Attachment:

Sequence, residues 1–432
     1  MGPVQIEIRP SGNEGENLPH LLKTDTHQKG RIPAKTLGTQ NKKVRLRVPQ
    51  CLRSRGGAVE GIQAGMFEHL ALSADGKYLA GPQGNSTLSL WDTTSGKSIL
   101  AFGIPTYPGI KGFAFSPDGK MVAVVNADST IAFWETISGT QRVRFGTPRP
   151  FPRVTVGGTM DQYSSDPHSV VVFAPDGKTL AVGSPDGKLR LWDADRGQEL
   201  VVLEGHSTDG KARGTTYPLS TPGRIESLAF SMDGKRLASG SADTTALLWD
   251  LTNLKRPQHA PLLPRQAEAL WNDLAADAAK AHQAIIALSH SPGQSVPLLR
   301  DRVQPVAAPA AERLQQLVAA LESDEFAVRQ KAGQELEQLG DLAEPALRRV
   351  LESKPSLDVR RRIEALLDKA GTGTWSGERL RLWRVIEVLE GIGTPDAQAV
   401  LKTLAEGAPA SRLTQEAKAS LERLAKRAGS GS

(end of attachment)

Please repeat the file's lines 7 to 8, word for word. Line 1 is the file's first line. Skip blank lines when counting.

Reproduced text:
   251  LTNLKRPQHA PLLPRQAEAL WNDLAADAAK AHQAIIALSH SPGQSVPLLR
   301  DRVQPVAAPA AERLQQLVAA LESDEFAVRQ KAGQELEQLG DLAEPALRRV